found Jean-Paul Akayesu, the former mayor of a small town in Rwanda, guilty of nine counts of genocide. The lead prosecutor in this case was Pierre-Richard Prosper
Pierre-Richard Prosper
Pierre-Richard Prosper is an American lawyer, prosecutor and former government official. He served as the second United States Ambassador-at-Large for War Crimes Issues under President George W...

. Two days later, Jean Kambanda
Jean Kambanda
Jean Kambanda was the Prime Minister in the caretaker government of Rwanda from the start of the 1994 Rwandan Genocide...

 became the first head of government to be convicted of genocide.


The first state to be found in breach of the Genocide convention was Serbia. In the Bosnia and Herzegovina v. Serbia and Montenegro case the International Court of Justice presented its judgment on 26 February 2007. It cleared Serbia of direct involvement in genocide
Genocide is defined as "the deliberate and systematic destruction, in whole or in part, of an ethnic, racial, religious, or national group", though what constitutes enough of a "part" to qualify as genocide has been subject to much debate by legal scholars...

 during the Bosnian war, but ruled that Belgrade
Belgrade is the capital and largest city of Serbia. It is located at the confluence of the Sava and Danube rivers, where the Pannonian Plain meets the Balkans. According to official results of Census 2011, the city has a population of 1,639,121. It is one of the 15 largest cities in Europe...

 did breach international law by failing to prevent the 1995 Srebrenica genocide, and for failing to try or transfer the persons accused of genocide to the ICTY, in order to comply with its obligations under Articles I and VI of the Genocide Convention, in particular in respect of General Ratko Mladić
Ratko Mladić
Ratko Mladić is an accused war criminal and a former Bosnian Serb military leader. On May 31, 2011, Mladić was extradited to The Hague, where he was processed at the detention center that holds suspects for the International Criminal Tribunal for the former Yugoslavia...


The ICD Initiative on the Genocide Convention

In 2010, Janez Jansa
Janez Janša
Janez Janša is a Slovenian politician who was Prime Minister of Slovenia from November 2004 to November 2008. He has also been President of the Slovenian Democratic Party since 1993...

, the former prime minister of Slovenia
Prime Minister of Slovenia
There have been six Prime Ministers of Slovenia since that country gained its independence in the breakup of Yugoslavia. Unlike the President of Slovenia, who is directly elected, the Prime Minister is appointed by the National Assembly, and must control a majority there in order to...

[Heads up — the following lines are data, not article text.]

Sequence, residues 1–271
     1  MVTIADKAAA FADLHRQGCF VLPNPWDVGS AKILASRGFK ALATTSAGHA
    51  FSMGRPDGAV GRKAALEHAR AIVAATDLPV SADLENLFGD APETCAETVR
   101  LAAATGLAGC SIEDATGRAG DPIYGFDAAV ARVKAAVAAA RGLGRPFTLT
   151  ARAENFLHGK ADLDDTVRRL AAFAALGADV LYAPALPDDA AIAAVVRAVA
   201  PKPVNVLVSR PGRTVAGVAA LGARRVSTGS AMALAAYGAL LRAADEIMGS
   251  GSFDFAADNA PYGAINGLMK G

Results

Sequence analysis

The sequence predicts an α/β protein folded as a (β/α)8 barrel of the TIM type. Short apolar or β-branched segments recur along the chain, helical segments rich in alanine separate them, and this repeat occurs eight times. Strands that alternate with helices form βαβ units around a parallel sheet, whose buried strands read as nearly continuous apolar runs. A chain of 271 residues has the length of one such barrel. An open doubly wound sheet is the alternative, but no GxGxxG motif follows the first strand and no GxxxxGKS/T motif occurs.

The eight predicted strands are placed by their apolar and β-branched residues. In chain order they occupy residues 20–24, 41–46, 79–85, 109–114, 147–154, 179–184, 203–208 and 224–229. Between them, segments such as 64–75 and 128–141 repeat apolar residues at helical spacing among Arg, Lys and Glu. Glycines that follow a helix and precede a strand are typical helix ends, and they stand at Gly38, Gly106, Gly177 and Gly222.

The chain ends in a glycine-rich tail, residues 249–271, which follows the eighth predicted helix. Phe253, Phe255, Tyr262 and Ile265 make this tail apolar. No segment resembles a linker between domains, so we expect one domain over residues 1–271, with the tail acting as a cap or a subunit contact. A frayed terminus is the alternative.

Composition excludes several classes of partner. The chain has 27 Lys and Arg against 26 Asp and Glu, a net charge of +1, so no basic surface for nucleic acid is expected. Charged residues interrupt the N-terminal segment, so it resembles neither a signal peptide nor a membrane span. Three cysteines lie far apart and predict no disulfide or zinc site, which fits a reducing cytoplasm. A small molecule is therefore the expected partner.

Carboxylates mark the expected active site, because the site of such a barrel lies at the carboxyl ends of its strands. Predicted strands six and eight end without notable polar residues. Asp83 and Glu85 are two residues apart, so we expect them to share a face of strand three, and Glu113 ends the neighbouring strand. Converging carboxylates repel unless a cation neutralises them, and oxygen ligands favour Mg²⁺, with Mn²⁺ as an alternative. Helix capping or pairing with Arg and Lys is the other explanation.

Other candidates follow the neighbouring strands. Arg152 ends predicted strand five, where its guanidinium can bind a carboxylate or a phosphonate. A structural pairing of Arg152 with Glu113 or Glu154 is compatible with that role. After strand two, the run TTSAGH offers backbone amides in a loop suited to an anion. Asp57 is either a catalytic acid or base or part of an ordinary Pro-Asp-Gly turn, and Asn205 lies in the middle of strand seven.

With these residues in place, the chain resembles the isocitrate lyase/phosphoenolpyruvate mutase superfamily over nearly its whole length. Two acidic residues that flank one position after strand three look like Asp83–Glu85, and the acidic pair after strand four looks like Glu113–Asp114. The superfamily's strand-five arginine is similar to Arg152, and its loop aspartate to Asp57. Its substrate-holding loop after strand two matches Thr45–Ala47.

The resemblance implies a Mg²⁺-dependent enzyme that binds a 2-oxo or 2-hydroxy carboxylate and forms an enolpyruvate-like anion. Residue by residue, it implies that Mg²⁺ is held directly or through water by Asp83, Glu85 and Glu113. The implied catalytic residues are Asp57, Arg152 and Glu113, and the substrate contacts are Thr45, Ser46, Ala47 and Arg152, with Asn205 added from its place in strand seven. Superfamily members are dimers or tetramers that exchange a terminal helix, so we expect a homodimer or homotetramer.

in collaboration with the Institute for Cultural Diplomacy
Institute for Cultural Diplomacy
The Institute for Cultural Diplomacy is an international, not-for-profit, non-governmental organisation based in Berlin. Founded in 1999 by Mark Donfried, its activities focus on promoting and developing the field of cultural diplomacy by conducting research, initiatives and programs, holding...

, a non-governmental organisation based in Berlin, initiated “The Initiative on the Convention on the Prevention and Punishment of the Crime of Genocide". This initiative or "model convention" focuses on achieving a fast-track, concrete legal resolution to halting current instances of genocide taking place in conflict zones across the world. The dominant feature of this initiative is the incorporation of the "Responsibility to Protect" into the Convention, with the primary aim of preventing mass civilian casualties. This initiative has not yet been successful in amending the Genocide Convention.

See also

  • Command responsibility
    Command responsibility
    Command responsibility, sometimes referred to as the Yamashita standard or the Medina standard, and also known as superior responsibility, is the doctrine of hierarchical accountability in cases of war crimes....

  • Human rights abuse
  • International law
    International law
    Public international law concerns the structure and conduct of sovereign states; analogous entities, such as the Holy See; and intergovernmental organizations. To a lesser degree, international law also may affect multinational corporations and individuals, an impact increasingly evolving beyond...

  • International human rights law
    International human rights law
    International human rights law refers to the body of international law designed to promote and protect human rights at the international, regional and domestic levels...

  • War crimes

Further reading

External links